I know that there are many who give this Jungian-based temperment and personality assessment the same credibility as organic and ‘healthy’ Oreo cookie knock-offs. However, for many intuitive feelers, the MBTI and especially David Keirsey’s intensive study of it in his second book, the cleverly-named Please Understand Me II, gives us an explanation and a vocabulary that opens a world of mental doors. So, from the concrete playground of NYC, I started trying to understand this enigmatic creature, hidden behind the longing brown eyes that greeted me in the mirror every morning: Me.
Here’s where books, blogs and Youtube videos can fail you, big time. Over there years, the definition of an ENFJ seemed to do me well, but it couldn’t explain some anomalies. Something was missing, and no amount of reading or researching down the narrow lane I was traveling seemed to uncover what it was.
For instance, it was true that I loved people and craved being surrounded by creative and joyful humans. However, I used to count the minutes, always aware the somehow, no matter how engaging the crowd, I couldn’t wait to recharge my batteries in the privacy of my amazingly small apartment. Or the fact that nothing brought me more inner calm as a day spent alone, at home or walking the city and studying the unique homo sapien newyorkius that roamed the streets and alley ways. Something else that used to puzzle me: my most powerful gift was not enthusiastic feeling, a marker of the ENFJ, but instead it was a steady and unyielding intuition. No matter the situation, I almost always seemed to know what was happening with people. My radar was (and still is) uber-intense. Toss in my poetry writing addiction and the ENFJ profile just didn’t seem to completely gel with what I believed was my core temperament. It wasn’t until I moved to California and started working within the tiny house universe that I figured out what I had missed all along: kid, you are no extrovert.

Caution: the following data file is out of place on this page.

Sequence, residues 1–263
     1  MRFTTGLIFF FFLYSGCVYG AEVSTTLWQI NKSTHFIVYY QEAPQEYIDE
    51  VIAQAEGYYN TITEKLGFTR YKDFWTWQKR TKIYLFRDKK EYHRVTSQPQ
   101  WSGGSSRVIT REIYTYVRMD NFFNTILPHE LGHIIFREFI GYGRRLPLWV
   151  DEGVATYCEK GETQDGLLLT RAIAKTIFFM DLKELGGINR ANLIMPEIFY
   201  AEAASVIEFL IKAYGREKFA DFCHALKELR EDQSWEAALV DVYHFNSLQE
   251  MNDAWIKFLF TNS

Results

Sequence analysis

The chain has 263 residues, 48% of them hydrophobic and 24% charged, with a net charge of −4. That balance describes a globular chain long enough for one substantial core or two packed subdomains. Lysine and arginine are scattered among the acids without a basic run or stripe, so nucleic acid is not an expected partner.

Thanks to an insightful moment from a former boss and fellow MBTI enthusiast, who looked at me and stated, out of the blue: ‘You do know that you are not an extrovert, right?’, I started to reexamine who I really was, or should I say who I really am. He followed this with the words that would change my inner life in a profound way: ‘You are the most intuitive human I’ve ever met and the most emotionally mature, too.’ Now, I’m not blowing my horn here. In fact, due to my damaged sense of self-worth, compliments of any kind were often greeted with the same enthusiasm as dust in my eye. Yet, I couldn’t ignore this truth, especially the intuition comment. So, I picked up my copy of Please Understand Me II and finally read the INFJ profile. I was floored. It was there all the time. ALL THE APPLE PIE LOVIN’ TIME! This is me! So many things started to make sense and I really did have a DUH! moment reading the description. Right in from on my face, in print, was the missing piece of the puzzle. And so a new adventure began. Yay!